Jessica Arana, a designer at RAND, volunteers with the Auntie Sewing Squad, a mask-making effort started by comedian Kristina Wong. Arana first donated to the effort but soon became an organizer focused on minority, immigrant, farmworker, and low-income communities.
Anita Chandra, vice president and director of RAND Social and Economic Well-Being, focuses on issues of health, well-being, and equity. She is researching how to create a culture of health, how to address inequities in the U.S. health system, and disaster response and resilience, especially in the context of the pandemic.
Robert Wood Johnson Foundation's Culture of Health blog
Measuring health and the social and economic factors that influenced it before the pandemic helps us understand the kind of risks the United States faced previously. It can also inform how to move forward toward recovery.
The growing gap in the UK between the need for social care for older people and the provision of support arises not only from a crisis of funding, but also from a failure to learn from what is already being done well. Closing the gap might be achieved by learning from creative approaches already being tried and then implementing them.
Psychologists and biologists have known for years that prolonged stress is toxic to the human body. A better understanding of how stress builds in communities—and the burden it puts on them—can lead to more effective policies to address it.
RAND's new COVID-19 interventions impact tool uses epidemiological and economic models and continually refreshed data to estimate what could happen as restrictions are eased. The tool won't make the choices confronting state leaders less painful. But it can provide clear, evidence-based estimates of the health and economic trade-offs.
Access to food could be critical to getting through the COVID-19 pandemic. Local leaders and policymakers may find themselves having to devote new resources to make sure all citizens have access to food and to protect those on the front lines.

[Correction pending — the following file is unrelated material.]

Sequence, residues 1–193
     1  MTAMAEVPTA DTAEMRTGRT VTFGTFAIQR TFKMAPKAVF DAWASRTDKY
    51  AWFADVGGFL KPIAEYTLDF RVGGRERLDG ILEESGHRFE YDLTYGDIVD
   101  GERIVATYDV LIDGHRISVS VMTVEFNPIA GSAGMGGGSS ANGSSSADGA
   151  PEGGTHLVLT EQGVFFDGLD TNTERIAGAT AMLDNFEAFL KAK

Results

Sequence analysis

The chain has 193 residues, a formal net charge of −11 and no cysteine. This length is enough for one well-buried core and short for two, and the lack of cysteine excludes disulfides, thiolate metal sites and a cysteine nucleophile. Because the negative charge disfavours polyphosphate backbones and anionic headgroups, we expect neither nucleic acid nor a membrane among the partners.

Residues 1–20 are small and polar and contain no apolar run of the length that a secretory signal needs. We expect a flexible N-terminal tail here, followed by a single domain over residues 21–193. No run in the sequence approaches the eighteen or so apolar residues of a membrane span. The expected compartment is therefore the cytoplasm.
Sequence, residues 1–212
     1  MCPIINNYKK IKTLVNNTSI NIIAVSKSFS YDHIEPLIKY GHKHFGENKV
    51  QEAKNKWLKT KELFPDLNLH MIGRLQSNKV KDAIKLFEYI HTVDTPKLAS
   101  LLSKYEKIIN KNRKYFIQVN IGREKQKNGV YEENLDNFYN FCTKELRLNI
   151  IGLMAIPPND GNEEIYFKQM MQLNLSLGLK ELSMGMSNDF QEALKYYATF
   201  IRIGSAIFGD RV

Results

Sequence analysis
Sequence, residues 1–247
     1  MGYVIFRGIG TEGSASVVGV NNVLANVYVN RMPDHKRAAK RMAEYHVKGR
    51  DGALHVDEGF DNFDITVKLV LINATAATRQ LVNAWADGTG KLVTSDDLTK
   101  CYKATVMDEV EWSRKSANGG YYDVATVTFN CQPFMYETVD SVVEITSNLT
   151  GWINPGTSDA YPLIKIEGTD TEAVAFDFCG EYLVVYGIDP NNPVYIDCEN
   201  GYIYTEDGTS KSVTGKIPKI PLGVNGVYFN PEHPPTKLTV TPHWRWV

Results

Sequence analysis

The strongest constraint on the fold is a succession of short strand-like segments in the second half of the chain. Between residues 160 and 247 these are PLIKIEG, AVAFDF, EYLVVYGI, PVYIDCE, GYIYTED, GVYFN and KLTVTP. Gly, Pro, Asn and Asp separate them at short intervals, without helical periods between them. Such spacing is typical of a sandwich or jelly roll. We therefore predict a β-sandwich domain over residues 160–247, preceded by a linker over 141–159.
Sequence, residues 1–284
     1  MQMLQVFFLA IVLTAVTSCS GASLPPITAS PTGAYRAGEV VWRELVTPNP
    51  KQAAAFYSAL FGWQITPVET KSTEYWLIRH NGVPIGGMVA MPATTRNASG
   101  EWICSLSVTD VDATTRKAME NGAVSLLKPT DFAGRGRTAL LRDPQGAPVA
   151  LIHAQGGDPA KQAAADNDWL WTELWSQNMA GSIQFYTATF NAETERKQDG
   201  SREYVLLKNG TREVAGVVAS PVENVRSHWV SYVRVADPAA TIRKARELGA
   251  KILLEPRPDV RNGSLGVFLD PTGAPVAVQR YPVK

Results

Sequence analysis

Maintaining social and spiritual connections in the midst of COVID-19 are not the only challenges facing communities of faith. Congregations play critical roles in providing social services within communities. How can their services, such as food assistance, be delivered safely?
The coronavirus has required many people to drastically alter their daily schedules, which can wreak havoc on sleep. But there are simple strategies that can help support sleep and well-being during this trying time.
Asthma is a common and expensive childhood condition that erodes quality of life for kids and families. Researchers sought to identify patient-centered interventions to reduce avoidable asthma-related acute care use and improve outcomes. They found that the solutions lie at the nexus of the health care system and the community.
Robert Wood Johnson Foundation's Culture of Health blog
We are seeing small but positive changes in the appreciation of the social determinants of health and the need for broader community health investments. People are expanding their views of what influences health and there have been some targeted improvements in health care and public health access. Yet, the critical systemic changes needed for more transformative health improvements have been slower to follow.